EAST CHICAGO — In a community that once billed itself as the most industrialized city in America, elected leaders for the second time this year have voiced opposition to a proposed industrial permit.
The City Council last month voted 8-0 to adopt a resolution opposing an air permit application for Indiana Harbor Coke Co. without "an aggressive schedule of compliance." Mayor Anthony Copeland signed the resolution.
The vote was significant because it shows residents are starting to stand up for themselves, said Councilman Robert Garcia, whose 5th District is home to the Indiana Harbor Coke Co. facility at 3210 Watling St.
The company, a subsidiary of SunCoke Energy, supplies coke for the blast furnaces at the ArcelorMittal Indiana Harbor steel mill in East Chicago.
The city struggles with high rates of asthma, cancer and infant mortality, and still is reeling from fallout over the environmental cleanup at the USS Lead Superfund site in the 3rd District.
Garcia said risk of exposure to toxins generated by the many industries in East Chicago is cumulative.
"We have got to take a stand. We're not going to live with the pollution," Garcia said. "We're not going to allow the companies to come in and just pollute the air and pollute us."
Copeland said in a statement the resolution was the strongest possible response and showed the city is united in its opposition to Indiana Harbor Coke Co.'s proposed permit.
"East Chicago is in the midst of a significant transformation from being solely known as an industrial hub," Copeland said. "Although we continue to enjoy a robust manufacturing base, we also recognize the important balance that we must maintain to make the city an attractive place to work and live."
'We don't have to trade health for jobs'
Midwestern cities often side with companies and economic growth, said Mark Templeton, director of the Abrams Environmental Law Clinic at the University of Chicago.
While he was not familiar with the details surrounding the Indiana Harbor Coke Co. permit application, Templeton said it's generally a big deal when communities take a stand like East Chicago's elected leaders have done.
"When a city steps up and says, 'We don't want something' or 'Something has negative consequences, and they need to stop doing it,' that's a pretty big and bold action," Templeton said.
The Southeast Environmental Task Force in Chicago has threatened to sue the U.S. Environmental Protection Agency over its handling of the permit renewal process, citing numerous violations during the past decade.
Thomas Frank, a board member for the Southeast Environmental Task Force, East Chicago resident and member of the Community Strategy Group, said residents' values are changing.
"We're seeing the representative leaders following the interests of the community," he said. "They're saying, 'No, we don't want this anymore. We don't have to trade our health for jobs. We don't have to trade our health for economic development. We want both.'"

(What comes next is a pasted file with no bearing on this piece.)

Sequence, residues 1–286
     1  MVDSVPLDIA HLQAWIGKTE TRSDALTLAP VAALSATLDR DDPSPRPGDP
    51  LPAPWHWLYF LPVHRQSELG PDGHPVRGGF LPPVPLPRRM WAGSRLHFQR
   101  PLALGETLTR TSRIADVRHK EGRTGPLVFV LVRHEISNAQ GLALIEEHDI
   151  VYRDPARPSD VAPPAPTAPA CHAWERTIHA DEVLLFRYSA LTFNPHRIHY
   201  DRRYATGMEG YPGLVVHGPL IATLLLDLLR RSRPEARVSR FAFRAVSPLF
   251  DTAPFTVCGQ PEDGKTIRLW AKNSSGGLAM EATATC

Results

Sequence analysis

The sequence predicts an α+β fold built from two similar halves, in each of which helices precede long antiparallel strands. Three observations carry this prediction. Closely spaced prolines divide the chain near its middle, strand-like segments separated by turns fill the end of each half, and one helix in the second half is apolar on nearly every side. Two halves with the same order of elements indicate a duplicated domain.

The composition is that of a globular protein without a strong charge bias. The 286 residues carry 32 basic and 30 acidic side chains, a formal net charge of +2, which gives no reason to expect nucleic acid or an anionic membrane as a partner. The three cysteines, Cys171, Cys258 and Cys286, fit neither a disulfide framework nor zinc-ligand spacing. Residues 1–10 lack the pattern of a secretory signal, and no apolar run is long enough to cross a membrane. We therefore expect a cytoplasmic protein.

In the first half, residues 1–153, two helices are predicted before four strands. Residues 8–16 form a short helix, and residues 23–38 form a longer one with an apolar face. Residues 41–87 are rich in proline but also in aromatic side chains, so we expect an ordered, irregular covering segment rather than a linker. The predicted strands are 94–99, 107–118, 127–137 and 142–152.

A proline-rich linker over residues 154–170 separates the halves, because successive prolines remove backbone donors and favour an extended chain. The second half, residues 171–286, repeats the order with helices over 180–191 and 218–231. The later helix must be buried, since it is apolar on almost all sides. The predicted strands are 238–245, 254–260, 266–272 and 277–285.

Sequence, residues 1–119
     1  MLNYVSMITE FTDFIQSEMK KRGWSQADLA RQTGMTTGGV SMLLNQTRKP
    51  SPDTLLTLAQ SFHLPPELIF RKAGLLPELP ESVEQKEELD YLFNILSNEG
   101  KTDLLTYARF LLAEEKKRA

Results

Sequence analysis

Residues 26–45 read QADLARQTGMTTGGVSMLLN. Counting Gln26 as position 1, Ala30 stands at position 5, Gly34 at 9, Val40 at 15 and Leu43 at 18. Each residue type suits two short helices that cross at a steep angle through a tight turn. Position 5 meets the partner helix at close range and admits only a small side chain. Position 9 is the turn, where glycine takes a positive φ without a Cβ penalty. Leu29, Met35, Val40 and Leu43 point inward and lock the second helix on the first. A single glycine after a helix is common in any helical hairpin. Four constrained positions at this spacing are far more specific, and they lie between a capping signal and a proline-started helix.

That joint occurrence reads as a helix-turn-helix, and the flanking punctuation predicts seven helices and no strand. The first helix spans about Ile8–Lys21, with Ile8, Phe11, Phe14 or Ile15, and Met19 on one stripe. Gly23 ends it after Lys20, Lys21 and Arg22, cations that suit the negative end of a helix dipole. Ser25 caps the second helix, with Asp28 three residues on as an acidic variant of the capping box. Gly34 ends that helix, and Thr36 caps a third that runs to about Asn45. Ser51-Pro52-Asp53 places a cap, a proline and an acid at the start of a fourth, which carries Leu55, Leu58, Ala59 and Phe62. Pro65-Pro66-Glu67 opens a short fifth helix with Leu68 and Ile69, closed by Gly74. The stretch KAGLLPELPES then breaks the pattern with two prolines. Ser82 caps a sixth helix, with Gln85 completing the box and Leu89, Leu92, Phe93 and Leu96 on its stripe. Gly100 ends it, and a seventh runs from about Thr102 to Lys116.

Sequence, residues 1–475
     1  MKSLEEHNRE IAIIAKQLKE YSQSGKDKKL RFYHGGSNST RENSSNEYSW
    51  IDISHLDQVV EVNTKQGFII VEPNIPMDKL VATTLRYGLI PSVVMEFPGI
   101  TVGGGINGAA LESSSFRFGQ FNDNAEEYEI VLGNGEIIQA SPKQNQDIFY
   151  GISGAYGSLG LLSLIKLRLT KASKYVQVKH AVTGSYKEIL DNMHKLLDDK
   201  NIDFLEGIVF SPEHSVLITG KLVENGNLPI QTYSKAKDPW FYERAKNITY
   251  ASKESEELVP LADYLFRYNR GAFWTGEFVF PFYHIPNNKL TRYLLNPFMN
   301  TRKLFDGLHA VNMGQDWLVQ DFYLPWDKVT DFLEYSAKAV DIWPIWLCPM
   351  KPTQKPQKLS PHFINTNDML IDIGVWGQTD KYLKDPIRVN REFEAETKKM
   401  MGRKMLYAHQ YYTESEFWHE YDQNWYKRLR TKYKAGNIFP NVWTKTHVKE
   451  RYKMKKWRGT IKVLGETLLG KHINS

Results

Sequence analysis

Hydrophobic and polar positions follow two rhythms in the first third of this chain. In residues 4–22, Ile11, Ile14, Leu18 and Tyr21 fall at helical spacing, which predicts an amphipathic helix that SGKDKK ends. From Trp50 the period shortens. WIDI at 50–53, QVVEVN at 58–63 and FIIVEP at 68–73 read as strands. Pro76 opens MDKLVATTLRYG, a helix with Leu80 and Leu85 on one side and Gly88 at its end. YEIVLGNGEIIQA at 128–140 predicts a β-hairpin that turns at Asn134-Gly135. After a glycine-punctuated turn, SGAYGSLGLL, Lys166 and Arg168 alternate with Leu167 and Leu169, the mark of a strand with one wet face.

The Community Strategy Group helped lead an effort last summer to oppose a risk-based permit that would have allowed the Army Corps of Engineers to dispose of highly toxic sediment from the Indiana Harbor Ship Canal at the confined disposal facility, 3500 Indianapolis Blvd., which is near several city schools.
The City Council voted in July to adopt a resolution opposing the Army Corps' proposed permit, and IDEM and EPA announced last fall they would study an off-site disposal option.
In Indiana Harbor Coke Co.'s case, environmentalists want regulators to ensure repeated air permit violations cease or shut the facility down, Frank said.
IDEM: Enforcement action pending
The Indiana Department of Environmental Management is reviewing Indiana Harbor Coke Co.'s air permit renewal application and is aware of the City Council's resolution, a department spokesman said.
"The resolution will be considered and addressed in the response and comments," IDEM said.
The department held a public hearing on the proposed permit in November and is currently reviewing testimony from the hearing and written comments before making a final determination.
"Once IDEM has drafted responses to all comments received during the public review period, a revised draft of the permit documents and the responses to comments will be submitted to EPA for an additional 45-day review period," a department spokesman said. "EPA can provide additional comments at that time, and IDEM would work with them to address those comments."
Indiana Gov. Eric Holcomb told The Times on Dec. 15 the permit application is being reviewed, but it's too early to comment on any possible decision.
An IDEM spokesman said the department, the EPA and the U.S. Department of Justice also have been working with Indiana Harbor Coke Co. to resolve compliance issues at the facility.
"There is an open enforcement action pending with IHCC," IDEM said. "We anticipate a resolution of these settlement negotiations in the near future."